“Despite the fact that Dr Nay Win Maung has passed away, I am sure that Myanmar Egress will continue to work for the socio-economic development of the country and fulfill his vision,” he said.

U Kyaw Min Swe, editor-in-chief of The Voice, said Dr Nay Win Maung was like a brother.

“I learned a lot from him. I have become who I am today because of him and his guidance.

“Everything he did was for Myanmar, not for himself. He was under much pressure and cigarettes were his only way out. Sometimes he had no money to buy a pack [of cigarettes] and no money to buy gifts for his students. People do not know about that.”

Professor Robert Taylor, a regular guest lecturer at Egress, paid tribute to “a creative and courageous thinker” who nurtured the country’s youth.

“He recognised the necessity for stability and evolution, consolidation and change. His family and friends can be proud of his achievements. His sudden death creates a large void in the emerging political landscape. It was an honour and a privilege to have known him,” he told The Myanmar Times by email.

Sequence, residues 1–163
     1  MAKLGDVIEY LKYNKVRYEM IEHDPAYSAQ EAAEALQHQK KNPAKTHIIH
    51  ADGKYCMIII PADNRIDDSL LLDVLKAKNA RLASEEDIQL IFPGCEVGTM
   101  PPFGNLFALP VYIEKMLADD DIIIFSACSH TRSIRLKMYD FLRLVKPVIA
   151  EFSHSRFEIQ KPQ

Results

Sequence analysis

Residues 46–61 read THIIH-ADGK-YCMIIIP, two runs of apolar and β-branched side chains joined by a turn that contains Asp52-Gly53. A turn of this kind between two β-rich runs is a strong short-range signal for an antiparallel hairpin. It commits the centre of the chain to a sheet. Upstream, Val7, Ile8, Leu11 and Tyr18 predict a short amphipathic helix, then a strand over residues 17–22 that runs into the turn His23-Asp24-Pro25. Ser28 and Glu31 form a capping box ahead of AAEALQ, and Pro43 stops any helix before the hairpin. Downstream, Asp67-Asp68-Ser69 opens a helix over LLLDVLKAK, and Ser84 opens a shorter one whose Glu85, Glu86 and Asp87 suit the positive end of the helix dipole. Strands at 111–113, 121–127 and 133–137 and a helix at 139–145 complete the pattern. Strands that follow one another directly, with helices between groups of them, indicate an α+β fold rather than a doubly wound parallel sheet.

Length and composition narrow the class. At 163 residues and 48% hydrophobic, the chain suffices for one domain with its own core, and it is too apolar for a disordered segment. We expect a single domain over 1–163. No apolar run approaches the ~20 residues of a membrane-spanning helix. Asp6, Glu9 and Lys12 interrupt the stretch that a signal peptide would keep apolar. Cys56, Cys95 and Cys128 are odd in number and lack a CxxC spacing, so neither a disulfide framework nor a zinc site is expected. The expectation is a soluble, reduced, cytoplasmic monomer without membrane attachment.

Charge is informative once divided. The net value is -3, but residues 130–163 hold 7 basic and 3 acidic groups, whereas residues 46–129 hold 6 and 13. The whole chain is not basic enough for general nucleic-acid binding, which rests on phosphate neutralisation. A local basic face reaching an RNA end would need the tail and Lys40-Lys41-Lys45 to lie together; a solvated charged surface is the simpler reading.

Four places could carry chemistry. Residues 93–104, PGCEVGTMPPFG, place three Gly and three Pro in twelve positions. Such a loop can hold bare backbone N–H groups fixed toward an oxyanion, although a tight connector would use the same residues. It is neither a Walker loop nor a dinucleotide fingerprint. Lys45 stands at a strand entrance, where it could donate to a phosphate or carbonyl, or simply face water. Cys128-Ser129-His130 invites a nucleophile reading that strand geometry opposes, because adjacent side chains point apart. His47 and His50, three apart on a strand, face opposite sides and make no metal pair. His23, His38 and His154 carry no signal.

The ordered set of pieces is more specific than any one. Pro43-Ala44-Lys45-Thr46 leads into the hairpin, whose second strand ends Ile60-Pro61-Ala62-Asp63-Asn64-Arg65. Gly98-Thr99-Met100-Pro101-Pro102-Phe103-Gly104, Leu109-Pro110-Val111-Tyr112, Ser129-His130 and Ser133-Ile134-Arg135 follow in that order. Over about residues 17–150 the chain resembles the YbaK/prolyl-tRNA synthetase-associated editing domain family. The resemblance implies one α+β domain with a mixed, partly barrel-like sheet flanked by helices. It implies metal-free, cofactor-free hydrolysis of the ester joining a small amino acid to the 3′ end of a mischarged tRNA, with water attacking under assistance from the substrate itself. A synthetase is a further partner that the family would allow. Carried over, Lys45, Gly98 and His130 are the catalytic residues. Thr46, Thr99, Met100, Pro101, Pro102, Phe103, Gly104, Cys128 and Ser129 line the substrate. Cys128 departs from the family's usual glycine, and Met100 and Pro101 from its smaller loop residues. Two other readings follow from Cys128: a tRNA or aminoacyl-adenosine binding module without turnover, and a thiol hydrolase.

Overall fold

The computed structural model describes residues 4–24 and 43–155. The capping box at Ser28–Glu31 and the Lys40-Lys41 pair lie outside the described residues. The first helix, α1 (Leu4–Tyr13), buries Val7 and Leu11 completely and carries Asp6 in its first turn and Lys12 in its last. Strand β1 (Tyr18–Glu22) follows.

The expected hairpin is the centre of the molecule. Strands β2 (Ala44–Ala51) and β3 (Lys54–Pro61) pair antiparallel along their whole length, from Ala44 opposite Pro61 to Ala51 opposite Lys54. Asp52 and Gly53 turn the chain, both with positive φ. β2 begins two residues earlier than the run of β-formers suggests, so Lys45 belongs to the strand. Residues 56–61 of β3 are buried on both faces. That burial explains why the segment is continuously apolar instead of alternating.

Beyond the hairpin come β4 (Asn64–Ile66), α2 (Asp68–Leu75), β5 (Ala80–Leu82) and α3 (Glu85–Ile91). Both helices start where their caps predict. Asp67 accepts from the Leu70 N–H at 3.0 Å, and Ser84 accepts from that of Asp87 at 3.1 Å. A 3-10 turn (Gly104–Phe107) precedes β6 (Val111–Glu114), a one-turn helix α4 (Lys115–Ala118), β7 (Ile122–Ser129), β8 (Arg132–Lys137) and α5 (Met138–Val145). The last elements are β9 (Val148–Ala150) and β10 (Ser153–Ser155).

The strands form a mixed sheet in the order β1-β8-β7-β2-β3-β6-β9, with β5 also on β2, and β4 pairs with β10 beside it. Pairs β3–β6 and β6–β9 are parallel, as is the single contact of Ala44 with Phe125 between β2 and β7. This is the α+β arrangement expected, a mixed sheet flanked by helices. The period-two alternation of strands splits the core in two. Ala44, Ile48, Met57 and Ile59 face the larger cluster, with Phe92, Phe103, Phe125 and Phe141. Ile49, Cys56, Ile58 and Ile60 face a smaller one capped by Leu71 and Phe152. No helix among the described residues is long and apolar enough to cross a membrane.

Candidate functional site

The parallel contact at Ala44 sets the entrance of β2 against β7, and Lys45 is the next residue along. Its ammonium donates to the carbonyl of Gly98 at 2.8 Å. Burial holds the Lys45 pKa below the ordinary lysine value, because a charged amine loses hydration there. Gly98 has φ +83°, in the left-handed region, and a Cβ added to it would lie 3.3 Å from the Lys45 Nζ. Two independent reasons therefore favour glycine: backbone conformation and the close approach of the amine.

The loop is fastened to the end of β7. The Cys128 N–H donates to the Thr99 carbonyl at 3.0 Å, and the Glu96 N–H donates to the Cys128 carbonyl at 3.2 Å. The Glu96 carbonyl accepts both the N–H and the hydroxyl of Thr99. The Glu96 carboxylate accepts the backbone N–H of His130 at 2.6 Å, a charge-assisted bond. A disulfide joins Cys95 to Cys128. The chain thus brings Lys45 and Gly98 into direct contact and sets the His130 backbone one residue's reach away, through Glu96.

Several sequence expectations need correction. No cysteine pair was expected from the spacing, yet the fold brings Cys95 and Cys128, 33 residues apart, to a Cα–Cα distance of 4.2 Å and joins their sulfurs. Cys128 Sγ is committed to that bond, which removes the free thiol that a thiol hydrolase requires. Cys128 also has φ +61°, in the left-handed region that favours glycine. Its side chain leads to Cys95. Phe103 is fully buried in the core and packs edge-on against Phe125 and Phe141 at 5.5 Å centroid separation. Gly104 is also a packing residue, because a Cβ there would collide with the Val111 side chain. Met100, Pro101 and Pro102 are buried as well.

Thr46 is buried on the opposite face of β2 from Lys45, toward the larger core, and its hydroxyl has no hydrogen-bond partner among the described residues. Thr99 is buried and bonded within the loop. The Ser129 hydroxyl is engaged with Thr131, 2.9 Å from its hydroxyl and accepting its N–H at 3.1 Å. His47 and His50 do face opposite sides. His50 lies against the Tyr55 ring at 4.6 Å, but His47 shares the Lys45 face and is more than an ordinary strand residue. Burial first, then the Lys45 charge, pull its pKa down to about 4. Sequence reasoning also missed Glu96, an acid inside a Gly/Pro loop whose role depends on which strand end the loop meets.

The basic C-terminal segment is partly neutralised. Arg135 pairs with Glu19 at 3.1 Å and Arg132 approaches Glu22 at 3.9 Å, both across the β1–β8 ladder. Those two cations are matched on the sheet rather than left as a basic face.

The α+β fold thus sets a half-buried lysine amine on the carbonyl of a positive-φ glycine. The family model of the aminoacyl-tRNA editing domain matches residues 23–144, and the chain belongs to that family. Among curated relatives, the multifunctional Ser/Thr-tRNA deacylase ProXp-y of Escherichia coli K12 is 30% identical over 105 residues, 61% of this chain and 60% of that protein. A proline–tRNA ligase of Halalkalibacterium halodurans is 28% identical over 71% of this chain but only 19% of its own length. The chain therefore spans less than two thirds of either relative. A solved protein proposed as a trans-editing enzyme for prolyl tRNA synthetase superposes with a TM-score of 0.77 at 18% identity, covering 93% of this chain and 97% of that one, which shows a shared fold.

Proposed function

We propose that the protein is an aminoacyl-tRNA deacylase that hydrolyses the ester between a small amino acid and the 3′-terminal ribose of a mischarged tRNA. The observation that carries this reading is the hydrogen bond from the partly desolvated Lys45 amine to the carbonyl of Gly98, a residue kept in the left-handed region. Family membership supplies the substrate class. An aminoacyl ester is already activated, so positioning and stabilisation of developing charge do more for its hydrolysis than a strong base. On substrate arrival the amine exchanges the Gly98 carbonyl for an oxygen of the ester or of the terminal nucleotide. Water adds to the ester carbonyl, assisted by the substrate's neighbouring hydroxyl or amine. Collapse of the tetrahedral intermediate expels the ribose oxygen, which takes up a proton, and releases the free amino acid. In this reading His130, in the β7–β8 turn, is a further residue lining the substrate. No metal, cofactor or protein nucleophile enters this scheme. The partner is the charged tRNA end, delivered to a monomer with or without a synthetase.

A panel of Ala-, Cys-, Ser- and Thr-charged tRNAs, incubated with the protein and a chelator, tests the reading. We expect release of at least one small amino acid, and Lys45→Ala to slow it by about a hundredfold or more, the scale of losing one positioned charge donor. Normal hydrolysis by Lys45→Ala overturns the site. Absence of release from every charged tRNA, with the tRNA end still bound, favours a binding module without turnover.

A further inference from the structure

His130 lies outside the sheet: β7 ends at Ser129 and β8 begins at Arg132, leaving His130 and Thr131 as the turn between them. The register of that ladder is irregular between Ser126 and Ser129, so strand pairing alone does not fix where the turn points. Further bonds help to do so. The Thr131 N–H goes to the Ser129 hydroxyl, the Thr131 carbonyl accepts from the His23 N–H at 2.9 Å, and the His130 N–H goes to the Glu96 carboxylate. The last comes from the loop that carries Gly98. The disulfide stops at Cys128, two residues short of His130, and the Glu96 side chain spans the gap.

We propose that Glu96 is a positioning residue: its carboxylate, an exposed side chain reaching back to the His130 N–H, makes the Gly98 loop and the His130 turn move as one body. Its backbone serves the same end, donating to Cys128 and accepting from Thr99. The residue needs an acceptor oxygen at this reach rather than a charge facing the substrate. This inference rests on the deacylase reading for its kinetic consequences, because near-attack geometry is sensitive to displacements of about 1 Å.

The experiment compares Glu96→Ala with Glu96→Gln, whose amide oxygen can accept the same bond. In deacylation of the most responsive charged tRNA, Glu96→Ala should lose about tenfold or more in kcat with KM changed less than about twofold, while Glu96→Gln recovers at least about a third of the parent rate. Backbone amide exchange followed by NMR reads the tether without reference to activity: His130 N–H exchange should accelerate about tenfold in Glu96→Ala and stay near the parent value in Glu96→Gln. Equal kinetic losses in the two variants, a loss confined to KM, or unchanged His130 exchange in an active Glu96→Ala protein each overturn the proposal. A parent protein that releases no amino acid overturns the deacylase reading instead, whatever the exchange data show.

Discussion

Many, including some of his critics, paid tribute to Dr Nay Win Maung’s patriotism and love for his country.

“Whenever we met in Thailand he often looked around and talked about how he wanted his country to develop like Thailand. He was always upset at the opportunities that Myanmar has missed over the years,” said Aung Naing Oo from the Vahu Development Institute. “He was a man of vision, a man of his words, a man who was not afraid to take an unusual and bold path to bring his country to freedom and development. And when we meet his colleagues in the near future, he will be sorely missed … but the great work he did will be carried on.”

Historian and author Dr Thant Myint-U told The Myanmar Times that Dr Nay Win Maung’s death was a “tremendous blow” for the country and he would be widely mourned, particularly by his many former students.